What Are Stryker Vehicles? And Why Are They Being Sent to Ukraine?

The Pentagon has announced it will send 90 Stryker armored fighting vehicles to Ukraine, the first such transfer of the versatile eight-wheeled weapons from U.S. military stockpiles to a foreign country.

The Strykers will be joined by 59 Bradley infantry fighting vehicles and other weapons as part of a $2.5 billion military aid package for Kyiv. Combined with the 50 Bradleys announced for Ukraine on Jan. 6, the package will give Kyiv the equivalent of two armored brigades’ worth of vehicles, according to a statement emailed to reporters Thursday evening.

According to the U.S. Army, there are 18 different variants of the Stryker. Some are built primarily to move infantry soldiers in and out of battle, while others are designed to carry weapons like 120-millimeter mortars to provide fire support. Others carry medium- and large-caliber weapons for direct fire on enemy troops with 30-millimeter cannons or even larger 105-millimeter guns.

Strykers were initially built with flat-bottomed hulls, which proved vulnerable to improvised bombs set to detonate underneath them by insurgents in Iraq. In response, the Army phased those vehicles out with newer Strykers fitted with a V-shaped bottom similar to those used on Mine-Resistant Ambush-Protected Vehicles, which are also called MRAPs.

Exactly which version or versions will be provided to Ukraine is unclear.

U.S. Army leaders decided in the 1990s that the service needed a more mobile strike force that could go anywhere in the world in just four days. That meant they needed a vehicle that was well-armed and armored while still relatively lightweight and small enough to be carried by a C-130 cargo plane.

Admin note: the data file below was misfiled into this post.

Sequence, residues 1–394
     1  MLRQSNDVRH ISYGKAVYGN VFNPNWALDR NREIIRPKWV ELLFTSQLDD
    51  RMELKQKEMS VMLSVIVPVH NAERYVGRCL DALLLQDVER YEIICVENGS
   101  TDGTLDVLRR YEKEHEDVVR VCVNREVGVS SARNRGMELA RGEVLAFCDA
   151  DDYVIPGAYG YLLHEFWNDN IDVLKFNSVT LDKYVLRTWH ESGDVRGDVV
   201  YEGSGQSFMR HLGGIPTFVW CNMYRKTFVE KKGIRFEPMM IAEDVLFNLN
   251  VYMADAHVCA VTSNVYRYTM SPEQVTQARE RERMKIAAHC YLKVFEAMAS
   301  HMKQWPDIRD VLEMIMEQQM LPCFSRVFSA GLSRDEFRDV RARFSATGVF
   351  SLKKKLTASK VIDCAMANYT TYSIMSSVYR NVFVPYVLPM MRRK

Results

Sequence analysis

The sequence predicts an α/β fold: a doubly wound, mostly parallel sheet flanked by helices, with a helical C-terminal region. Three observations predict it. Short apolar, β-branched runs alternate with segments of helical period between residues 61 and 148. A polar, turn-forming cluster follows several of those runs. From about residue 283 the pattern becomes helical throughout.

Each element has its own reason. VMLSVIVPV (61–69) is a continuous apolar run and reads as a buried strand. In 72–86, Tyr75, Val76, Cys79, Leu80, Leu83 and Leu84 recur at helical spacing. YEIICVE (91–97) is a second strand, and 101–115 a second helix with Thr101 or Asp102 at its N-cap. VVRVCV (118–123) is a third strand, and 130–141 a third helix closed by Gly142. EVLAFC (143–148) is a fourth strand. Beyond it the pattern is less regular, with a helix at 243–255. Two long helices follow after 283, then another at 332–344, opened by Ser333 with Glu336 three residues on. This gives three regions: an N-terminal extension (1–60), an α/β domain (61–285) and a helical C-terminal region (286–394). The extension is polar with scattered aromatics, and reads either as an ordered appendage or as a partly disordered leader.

The Stryker was chosen as the vehicle the Army could build that force around. They first saw combat in Iraq in 2003.

Strykers are less-heavily armored than Bradleys. And at 20 to 23.5 tons they weigh far less than the Bradley, which can weigh as much as 40 tons, according to a 2016 report from the Congressional Research Service.

While Bradleys run on treads, which offer excellent traction over uneven terrain, Strykers run on eight wheels which can still function even if they have been hit with bullets or shrapnel.

Strykers are also much faster than Bradleys, capable of speeds of 60 miles per hour, according to the congressional report.

The Stryker can also be configured in a number of different variants, including some for use by engineers or as ambulances.

The Pentagon’s announcement Thursday said the 90 Strykers would also be provided with 20 mine-rollers — wheeled sleds that are designed to be heavy enough to trigger anti-vehicle land mines and are pushed ahead of armored vehicles in the hopes of clearing safe paths through minefields.

As the war between Ukraine and Russia has evolved into a more static battle between entrenched soldiers protected by belts of anti-tank land mines, the combination of Strykers with mine-rollers and additional demolition equipment for what the Pentagon referred to as “obstacle clearing,” indicates that the U.S. is providing Ukraine with specific capabilities designed to enable Kyiv’s armed forces to break though Russian defenses.

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